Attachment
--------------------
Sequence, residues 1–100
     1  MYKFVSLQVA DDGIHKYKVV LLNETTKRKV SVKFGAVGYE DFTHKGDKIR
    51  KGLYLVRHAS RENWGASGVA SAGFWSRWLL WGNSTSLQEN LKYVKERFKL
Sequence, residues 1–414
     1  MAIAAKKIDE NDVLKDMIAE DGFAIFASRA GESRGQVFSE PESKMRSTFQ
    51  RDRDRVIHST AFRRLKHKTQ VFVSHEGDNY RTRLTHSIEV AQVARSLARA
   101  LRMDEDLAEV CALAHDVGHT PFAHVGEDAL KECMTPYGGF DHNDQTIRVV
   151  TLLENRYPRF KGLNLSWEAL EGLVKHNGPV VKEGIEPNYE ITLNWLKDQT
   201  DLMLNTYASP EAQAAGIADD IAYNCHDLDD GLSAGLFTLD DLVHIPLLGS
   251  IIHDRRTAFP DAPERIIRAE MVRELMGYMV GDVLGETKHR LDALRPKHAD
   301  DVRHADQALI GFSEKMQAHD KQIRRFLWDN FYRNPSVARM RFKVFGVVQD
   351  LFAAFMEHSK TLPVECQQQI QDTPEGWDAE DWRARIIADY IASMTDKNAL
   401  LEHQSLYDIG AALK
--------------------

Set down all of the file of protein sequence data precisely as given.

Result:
Sequence, residues 1–100
     1  MYKFVSLQVA DDGIHKYKVV LLNETTKRKV SVKFGAVGYE DFTHKGDKIR
    51  KGLYLVRHAS RENWGASGVA SAGFWSRWLL WGNSTSLQEN LKYVKERFKL
Sequence, residues 1–414
     1  MAIAAKKIDE NDVLKDMIAE DGFAIFASRA GESRGQVFSE PESKMRSTFQ
    51  RDRDRVIHST AFRRLKHKTQ VFVSHEGDNY RTRLTHSIEV AQVARSLARA
   101  LRMDEDLAEV CALAHDVGHT PFAHVGEDAL KECMTPYGGF DHNDQTIRVV
   151  TLLENRYPRF KGLNLSWEAL EGLVKHNGPV VKEGIEPNYE ITLNWLKDQT
   201  DLMLNTYASP EAQAAGIADD IAYNCHDLDD GLSAGLFTLD DLVHIPLLGS
   251  IIHDRRTAFP DAPERIIRAE MVRELMGYMV GDVLGETKHR LDALRPKHAD
   301  DVRHADQALI GFSEKMQAHD KQIRRFLWDN FYRNPSVARM RFKVFGVVQD
   351  LFAAFMEHSK TLPVECQQQI QDTPEGWDAE DWRARIIADY IASMTDKNAL
   401  LEHQSLYDIG AALK